Al-Rai TV said it would air the comments in full and reported an excerpt in which the leader of Libya's unraveling regime vowed his forces would resist "the aggression with all strength" until "martyrdom" or victory. Gadhafi did not say where he was speaking from.
Al-Arabiya television reported that forces loyal to Gadhafi were attacking the city of Ajelat, west of Tripoli, with missiles and tanks, and that dozens of missiles had hit Tripoli near Bab al-Aziziya.
The capital remained chaotic and violent Tuesday, with rebels and pro-Gadhafi forces claiming control amid ongoing fears of reprisal attacks.
Rebels stormed Gadhafi's compound with apparent ease, made off with guns and ammunition and began tearing down pictures of Gadhafi.
Live TV footage showed rebel fighters streaming through the imposing gates of Gadhafi's compound on foot or in trucks and SUVs that bore the scars of battle. The mostly young men kicked at statues honoring Gadhafi, and one man hacked away at a sculpture depicting a hand crushing an airplane - commissioned by Gadhafi after the 1986 U.S. bombing of Libya and a symbol of his defiance against the West.
The rebels appeared to be consolidating their grip, but the surprise appearance of Gadhafi's son and onetime heir, Saif al-Islam, outside a Tripoli hotel Tuesday raised skepticism of the claims of the rebels, who had said they had captured the son.
Libyan rebels told Al-Arabiya that more than 400 people were killed and at least 2,000 injured in the fight for Tripoli.
Briefing reporters in Naples, Italy, a NATO spokesman, Col. Roland Lavoie, said that the alliance was unaware of any rebel attacks on civilians, saying it had "no signs that anti-Gadhafi forces are operating in a manner not consistent with the mandate," a reference to the U.N. Security Council resolution authorizing NATO to protect Libyan civilians.
Privately, NATO warned the rebel National Transitional Council that it would protect civilians from them if necessary, a NATO official told McClatchy, requesting anonymity because of the sensitivity of the ongoing operation.
Relief groups reported that Tripoli residents were fleeing in greater numbers, and Amnesty International warned that prolonged fighting in the capital could create a humanitarian crisis.
The U.N. humanitarian coordinator's office in New York said that it had received reports that civilians had been forcibly displaced by fighting and prevented from moving from areas because of the hostilities.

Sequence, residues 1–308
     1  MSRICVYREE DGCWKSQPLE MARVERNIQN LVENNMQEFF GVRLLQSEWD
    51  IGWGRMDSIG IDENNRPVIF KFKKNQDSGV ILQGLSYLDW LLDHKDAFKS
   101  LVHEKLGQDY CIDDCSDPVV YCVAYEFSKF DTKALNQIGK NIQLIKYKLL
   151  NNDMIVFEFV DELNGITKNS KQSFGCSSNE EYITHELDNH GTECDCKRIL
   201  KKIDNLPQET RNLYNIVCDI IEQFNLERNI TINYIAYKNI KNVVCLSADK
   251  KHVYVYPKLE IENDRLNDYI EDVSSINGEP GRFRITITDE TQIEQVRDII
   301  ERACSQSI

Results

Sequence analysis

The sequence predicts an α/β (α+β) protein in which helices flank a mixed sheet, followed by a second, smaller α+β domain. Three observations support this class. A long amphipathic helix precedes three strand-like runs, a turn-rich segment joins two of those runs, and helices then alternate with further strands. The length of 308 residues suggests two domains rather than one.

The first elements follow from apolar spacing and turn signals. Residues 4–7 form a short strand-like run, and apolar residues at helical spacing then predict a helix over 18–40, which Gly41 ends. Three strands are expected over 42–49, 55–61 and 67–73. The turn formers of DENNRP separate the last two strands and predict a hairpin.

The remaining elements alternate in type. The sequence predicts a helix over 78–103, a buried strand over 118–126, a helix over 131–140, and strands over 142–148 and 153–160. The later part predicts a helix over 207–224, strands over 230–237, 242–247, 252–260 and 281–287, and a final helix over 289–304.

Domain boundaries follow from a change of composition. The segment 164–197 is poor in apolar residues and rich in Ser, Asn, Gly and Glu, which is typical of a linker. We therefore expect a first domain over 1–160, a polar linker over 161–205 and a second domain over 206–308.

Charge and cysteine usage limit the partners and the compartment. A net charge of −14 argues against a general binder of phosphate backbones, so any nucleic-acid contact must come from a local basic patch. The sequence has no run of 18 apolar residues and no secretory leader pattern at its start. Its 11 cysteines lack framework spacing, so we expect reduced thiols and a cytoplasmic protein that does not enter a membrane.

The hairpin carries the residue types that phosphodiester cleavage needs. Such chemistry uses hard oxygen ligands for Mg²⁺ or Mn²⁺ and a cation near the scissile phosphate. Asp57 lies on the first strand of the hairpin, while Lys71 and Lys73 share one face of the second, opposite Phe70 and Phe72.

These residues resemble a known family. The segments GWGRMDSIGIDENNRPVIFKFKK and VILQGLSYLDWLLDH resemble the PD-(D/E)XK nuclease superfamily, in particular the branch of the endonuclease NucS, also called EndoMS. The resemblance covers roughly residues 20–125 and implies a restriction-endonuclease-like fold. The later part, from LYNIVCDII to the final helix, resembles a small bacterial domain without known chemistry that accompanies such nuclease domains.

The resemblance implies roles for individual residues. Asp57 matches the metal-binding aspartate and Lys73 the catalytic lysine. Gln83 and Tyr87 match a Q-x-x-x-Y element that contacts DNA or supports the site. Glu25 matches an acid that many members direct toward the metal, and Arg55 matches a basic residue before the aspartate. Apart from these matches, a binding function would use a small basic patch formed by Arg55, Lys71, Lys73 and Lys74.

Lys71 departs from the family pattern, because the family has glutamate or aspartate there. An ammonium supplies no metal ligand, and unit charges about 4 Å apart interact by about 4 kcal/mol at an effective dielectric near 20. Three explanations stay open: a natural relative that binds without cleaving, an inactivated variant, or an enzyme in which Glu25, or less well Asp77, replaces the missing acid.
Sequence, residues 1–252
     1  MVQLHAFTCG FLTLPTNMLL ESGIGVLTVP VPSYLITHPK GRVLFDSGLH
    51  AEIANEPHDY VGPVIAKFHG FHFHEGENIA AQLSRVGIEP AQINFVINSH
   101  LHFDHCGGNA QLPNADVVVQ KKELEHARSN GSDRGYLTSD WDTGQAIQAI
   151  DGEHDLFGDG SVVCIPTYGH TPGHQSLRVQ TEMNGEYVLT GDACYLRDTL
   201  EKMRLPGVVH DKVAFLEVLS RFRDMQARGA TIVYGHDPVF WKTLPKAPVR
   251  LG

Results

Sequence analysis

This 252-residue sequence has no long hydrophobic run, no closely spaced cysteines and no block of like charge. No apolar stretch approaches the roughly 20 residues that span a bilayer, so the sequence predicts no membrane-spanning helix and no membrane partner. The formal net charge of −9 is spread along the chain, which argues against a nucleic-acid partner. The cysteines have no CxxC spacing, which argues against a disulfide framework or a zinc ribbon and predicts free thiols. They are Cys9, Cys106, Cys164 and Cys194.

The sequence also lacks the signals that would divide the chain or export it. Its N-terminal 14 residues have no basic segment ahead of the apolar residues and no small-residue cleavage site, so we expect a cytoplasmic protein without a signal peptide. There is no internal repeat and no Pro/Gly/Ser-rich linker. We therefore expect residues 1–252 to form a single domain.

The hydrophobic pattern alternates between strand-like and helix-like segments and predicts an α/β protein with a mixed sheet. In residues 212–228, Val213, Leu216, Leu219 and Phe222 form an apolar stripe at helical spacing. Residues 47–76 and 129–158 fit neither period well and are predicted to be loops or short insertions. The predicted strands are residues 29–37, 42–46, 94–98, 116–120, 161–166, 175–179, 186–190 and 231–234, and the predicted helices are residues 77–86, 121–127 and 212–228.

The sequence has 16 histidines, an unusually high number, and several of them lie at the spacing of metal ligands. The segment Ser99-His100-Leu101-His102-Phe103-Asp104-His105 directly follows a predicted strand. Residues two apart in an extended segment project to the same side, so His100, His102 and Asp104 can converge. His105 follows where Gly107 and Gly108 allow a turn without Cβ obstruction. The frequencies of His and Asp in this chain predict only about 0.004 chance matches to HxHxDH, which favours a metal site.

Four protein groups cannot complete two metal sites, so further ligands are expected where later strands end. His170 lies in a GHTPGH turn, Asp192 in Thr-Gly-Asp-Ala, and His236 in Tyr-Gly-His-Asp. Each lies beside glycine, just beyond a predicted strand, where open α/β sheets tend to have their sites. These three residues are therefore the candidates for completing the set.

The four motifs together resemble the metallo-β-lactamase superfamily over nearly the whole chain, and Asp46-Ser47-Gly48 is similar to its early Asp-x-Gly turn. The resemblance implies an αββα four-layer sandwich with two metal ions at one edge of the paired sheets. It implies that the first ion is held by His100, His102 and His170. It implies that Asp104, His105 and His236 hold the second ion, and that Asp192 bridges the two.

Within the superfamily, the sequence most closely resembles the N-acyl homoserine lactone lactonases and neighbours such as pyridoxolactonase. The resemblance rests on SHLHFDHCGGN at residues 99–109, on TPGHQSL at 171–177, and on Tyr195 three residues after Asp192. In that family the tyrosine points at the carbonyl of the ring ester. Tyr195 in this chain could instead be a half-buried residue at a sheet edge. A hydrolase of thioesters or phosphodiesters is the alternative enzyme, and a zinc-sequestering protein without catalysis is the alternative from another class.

The International Organization for Migration, a U.N.-affiliated group, was forced to delay docking a boat that it had chartered to evacuate 300 migrant workers stranded by the violence because of "poor security conditions at the port" in Tripoli.
"The risk to civilians increases with each day of violence in Tripoli, not just for people caught up in the fighting but also because conditions could become dire if residential areas are affected by the clashes, with food supplies, water, and electricity all likely to be hit," said Malcolm Smart, Amnesty's Middle East director.
NATO officials sought to make Gadhafi an afterthought, with Lavoie saying that the military alliance had no interest in searching for him because "he is not a key player anymore." The comments seemed at odds, however, with the devastating blitz of air strikes that NATO had launched in recent weeks on Bab al-Aziziya, a massive city-within-a-city complex of barracks, offices, and Gadhafi's living quarters, which sat in a bunker designed by West German engineers.
Experts cautioned that Libya's ability to form a new government could be hampered if Gadhafi is not found.
"It's not over until he is over," said Mark Perry, a Washington-based military expert. "So long as Gadhafi is still free, he can be a rallying point of resistance to the new government."
Meanwhile, there were reports that pro-Gadhafi fighters had fled to Sirte, his hometown, but it was unclear how he could have traveled there, given that all roads there are controlled by the rebels.
Mahmoud Shammam, a member of the rebel council, told CNN in a phone interview that rebels planned to go "peacefully" into Sirte, considered a bastion of Gadhafi support about 200 miles east of Tripoli. He confirmed that the town was among the pockets of territory still outside rebel control.
Shammam said he did not expect a hostile response from the people of Sirte, but he said rebels were prepared to fight if confronted by Gadhafi loyalists.
The rebel council pushed ahead with its plans to form a government, with a rebel military spokesman, Col. Ahmed Bani, telling Al-Jazeera satellite network that it planned to move its headquarters to Tripoli from the eastern city of Benghazi, where it has been based since the uprising began in February. Bani did not specify a timetable.
In Washington, State Department officials said that they were working with the United Nations to unfreeze up to $1.5 billion of U.S.-held assets for the new rebel government. Rebel officials said that they would hold a summit Wednesday in Qatar, a key ally, to discuss international funding for Libya's reconstruction.
Lavoie said NATO would continue flying missions over Libya as long as pro-Gadhafi troops weren't confined to their bases and remained a threat to civilians. He said that while NATO was generally aware of rebel operations, he denied that NATO was flying close-air support for the rebels as they fought Gadhafi forces.
This article contains information from the Associated Press.